• Staff Sgt. Jorge Zepeda, (left) and Spc. Laura Smetzer (right), 36th Army Band, perform in front of Sleeping Beauty's castle at the Disneyland theme park.

    Staff Sgt. Jorge Zepeda, (left) and Spc. Laura...

    Staff Sgt. Jorge Zepeda, (left) and Spc. Laura Smetzer (right), 36th Army Band, perform in front of Sleeping Beauty's castle at the Disneyland theme park.

  • Members of the 36th Army Band play during a flag retreat ceremony at Disneyland's Main Street, U.S.A. The ceremony was just one of many performances for the band during a packed two-day schedule.

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    Members of the 36th Army Band play during a flag retreat ceremony at Disneyland's Main Street, U.S.A. The ceremony was just one of many performances for the band during a packed two-day schedule.

  • Warrant Officer Donna Clickner, 36th Army Band, leads the way down Disneyland's Main Street, U.S.A. during an afternoon parade. The parade was just one of many performances for the band during a packed two-day schedule.

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    Warrant Officer Donna Clickner, 36th Army Band, leads the way down Disneyland's Main Street, U.S.A. during an afternoon parade. The parade was just one of many performances for the band during a packed two-day schedule.

The 36th Army Band entertained visitors from around the world at Disneyland recently.
While many visit the California theme park for a relaxing vacation, the group from Fort Huachuca filled a hectic schedule, offering a concert in front of Sleeping Beauty's castle, a performance by the "boogie down brass band" at the New Orleans CafAfA, a ceremonial flag retreat, and even leading a parade down the center of Disney's Main Street, U.S.A.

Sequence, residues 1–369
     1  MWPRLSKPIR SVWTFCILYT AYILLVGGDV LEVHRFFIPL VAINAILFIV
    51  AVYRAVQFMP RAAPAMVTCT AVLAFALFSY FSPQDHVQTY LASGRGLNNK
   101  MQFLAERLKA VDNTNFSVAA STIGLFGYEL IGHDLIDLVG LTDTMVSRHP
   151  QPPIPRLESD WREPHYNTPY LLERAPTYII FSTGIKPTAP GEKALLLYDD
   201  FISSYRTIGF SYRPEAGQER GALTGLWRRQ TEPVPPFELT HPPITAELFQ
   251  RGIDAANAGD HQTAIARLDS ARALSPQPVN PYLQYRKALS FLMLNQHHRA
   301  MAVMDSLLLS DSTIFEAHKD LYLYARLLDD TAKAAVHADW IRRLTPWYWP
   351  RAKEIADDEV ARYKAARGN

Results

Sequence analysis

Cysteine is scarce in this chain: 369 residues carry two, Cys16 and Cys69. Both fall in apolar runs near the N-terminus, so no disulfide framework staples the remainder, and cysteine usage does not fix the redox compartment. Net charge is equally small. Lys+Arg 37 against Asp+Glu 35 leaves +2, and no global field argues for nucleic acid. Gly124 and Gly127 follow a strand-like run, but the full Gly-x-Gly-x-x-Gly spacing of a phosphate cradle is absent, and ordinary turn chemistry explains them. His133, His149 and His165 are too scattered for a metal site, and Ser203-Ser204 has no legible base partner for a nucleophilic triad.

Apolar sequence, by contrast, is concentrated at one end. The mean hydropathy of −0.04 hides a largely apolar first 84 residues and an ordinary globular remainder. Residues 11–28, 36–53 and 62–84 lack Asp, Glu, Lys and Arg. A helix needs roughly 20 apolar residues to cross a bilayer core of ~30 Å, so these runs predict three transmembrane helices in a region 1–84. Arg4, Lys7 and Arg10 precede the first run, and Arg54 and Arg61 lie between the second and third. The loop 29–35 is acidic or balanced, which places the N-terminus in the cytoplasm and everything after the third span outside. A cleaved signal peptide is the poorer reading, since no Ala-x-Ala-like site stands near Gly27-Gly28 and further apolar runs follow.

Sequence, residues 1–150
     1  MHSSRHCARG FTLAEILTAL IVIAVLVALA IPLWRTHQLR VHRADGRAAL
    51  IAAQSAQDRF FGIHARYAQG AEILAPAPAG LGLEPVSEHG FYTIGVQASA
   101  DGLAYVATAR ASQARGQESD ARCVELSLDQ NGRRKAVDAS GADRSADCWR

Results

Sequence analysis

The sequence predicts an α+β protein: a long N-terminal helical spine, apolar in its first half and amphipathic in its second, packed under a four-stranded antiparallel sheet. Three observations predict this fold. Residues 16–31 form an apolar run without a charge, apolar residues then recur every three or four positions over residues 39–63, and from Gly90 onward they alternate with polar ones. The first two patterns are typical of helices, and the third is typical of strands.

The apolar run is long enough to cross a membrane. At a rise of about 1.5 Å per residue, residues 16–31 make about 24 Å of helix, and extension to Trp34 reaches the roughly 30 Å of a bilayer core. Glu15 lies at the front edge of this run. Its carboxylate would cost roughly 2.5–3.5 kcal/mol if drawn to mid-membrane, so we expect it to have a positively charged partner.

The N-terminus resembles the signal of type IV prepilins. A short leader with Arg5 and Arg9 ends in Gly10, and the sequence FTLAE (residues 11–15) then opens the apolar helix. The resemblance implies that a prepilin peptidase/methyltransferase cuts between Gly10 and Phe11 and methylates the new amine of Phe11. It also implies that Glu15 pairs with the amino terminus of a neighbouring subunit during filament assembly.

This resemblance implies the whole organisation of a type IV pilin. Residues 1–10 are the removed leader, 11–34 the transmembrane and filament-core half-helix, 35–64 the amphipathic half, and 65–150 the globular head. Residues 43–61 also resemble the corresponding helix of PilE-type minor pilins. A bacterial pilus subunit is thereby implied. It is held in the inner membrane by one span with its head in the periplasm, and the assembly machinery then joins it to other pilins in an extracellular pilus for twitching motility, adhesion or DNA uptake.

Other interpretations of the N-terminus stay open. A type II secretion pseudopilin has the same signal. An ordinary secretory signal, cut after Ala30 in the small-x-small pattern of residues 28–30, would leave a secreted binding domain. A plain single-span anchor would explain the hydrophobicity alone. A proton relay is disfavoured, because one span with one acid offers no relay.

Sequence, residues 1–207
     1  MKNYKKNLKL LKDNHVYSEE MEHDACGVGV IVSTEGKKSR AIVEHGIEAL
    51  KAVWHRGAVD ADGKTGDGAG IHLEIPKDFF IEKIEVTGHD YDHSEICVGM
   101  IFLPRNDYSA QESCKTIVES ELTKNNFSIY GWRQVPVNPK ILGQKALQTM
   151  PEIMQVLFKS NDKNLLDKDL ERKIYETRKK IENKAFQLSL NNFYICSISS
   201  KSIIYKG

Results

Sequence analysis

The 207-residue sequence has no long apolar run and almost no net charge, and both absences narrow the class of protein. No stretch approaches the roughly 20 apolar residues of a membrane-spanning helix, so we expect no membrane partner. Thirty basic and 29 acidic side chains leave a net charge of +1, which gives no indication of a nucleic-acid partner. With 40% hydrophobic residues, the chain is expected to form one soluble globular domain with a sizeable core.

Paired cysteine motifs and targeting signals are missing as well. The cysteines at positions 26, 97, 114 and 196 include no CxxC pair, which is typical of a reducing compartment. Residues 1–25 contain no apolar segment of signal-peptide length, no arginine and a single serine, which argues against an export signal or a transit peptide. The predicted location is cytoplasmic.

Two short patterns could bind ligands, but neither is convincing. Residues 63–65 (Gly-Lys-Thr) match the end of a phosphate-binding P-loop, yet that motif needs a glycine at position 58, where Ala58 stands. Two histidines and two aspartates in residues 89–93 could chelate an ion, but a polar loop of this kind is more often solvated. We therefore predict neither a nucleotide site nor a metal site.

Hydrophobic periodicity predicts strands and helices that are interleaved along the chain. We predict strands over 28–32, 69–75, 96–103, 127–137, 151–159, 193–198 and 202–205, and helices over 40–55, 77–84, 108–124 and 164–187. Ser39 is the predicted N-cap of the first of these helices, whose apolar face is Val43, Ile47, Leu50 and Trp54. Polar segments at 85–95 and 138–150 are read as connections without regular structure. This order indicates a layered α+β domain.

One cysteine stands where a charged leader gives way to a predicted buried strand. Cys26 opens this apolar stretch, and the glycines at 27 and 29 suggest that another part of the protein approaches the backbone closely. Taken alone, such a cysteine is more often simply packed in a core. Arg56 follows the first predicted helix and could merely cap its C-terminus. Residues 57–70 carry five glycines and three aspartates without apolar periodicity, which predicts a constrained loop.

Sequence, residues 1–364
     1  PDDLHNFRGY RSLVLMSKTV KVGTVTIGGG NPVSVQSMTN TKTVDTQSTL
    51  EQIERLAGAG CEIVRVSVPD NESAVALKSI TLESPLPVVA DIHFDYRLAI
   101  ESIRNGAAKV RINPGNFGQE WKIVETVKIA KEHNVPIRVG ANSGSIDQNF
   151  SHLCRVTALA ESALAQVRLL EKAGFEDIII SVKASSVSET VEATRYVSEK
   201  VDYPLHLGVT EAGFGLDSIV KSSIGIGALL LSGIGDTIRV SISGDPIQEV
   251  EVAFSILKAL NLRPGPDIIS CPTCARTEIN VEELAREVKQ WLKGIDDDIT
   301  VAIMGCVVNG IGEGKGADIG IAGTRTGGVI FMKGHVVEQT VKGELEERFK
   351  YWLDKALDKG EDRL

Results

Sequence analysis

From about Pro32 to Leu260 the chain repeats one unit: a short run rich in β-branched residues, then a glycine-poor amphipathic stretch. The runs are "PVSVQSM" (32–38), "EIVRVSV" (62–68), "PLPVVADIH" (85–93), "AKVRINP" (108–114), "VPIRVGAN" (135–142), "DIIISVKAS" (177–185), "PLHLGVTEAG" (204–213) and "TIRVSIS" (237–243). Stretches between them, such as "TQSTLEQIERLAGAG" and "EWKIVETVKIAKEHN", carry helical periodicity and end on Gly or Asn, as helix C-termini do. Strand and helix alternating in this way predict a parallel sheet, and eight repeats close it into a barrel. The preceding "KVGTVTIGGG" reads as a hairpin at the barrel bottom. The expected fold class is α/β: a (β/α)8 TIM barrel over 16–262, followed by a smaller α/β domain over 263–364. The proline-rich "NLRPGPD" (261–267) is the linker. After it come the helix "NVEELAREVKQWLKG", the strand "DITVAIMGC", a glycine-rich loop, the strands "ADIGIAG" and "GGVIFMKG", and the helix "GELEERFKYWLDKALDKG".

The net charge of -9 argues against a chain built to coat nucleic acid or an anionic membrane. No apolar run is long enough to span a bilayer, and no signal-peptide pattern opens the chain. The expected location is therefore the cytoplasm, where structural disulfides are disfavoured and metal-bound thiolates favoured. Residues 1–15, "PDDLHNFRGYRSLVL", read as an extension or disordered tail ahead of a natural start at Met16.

Disneyland was the second stop of a tour that lead to San Diego, and Yuma and Camp Verde, Ariz. The band regularly travels throughout the southwest region promoting community relations and enhancing the Army's image through music.
Sgt. 1st Class Amy Morgan, chief of operations, 36th Army Band, explained visits to places such as this are important because the park attracts a diverse group; a microcosm of the United States population, a segment that is perfect to spread the Army message to.
"Events such as this help put the Army in the public eye," Morgan said. "They also help us showcase the Army to those (persons) not familiar with the military, and hopefully we can (also) dispel any misconceptions these people may have, and shed a different light on the military."
The positive reactions from the crowds indicated that the band did just that. During the flag ceremony, the Disney visitors began to sing aloud as the band played "America the Beautiful," and each performance was met with anxious spectators jockeying for a bird's eye view to hear and see the Army's best.
The band did not disappoint according to Pam Shutjer, who attended the flag retreat ceremony. Shutjer, a native of West Plains, Mo., was visiting Disneyland on Monday while en route to meeting her son in San Diego.
Her son happens to be an active duty MP (military policeman) stationed at Fort Huachuca, so when Shutjer saw signs advertising the post's band, she couldn't believe the coincidence and "just had to" stay for the show.
"(The band) put so much more meaning to the ceremony," the proud Army mom said. "They were absolutely fantastic."
First Sgt. Robert Stagg, 36th Army Band, explained that providing experiences such as Shutjer's, is "why we exist."
As the only Army band available in the southwest, the 36th tours the entire southwest corner of the United States. Although the many miles touring can be strenuous, the Soldiers in the band know the sacrifice is necessary to fulfill the band's mission of community relations.
"In this part of the country, people don't see the active Army as much," Stagg said.
"The band functions to spread the Army's message and promote patriotism throughout."

Page last updated Tue June 16th, 2009 at 19:50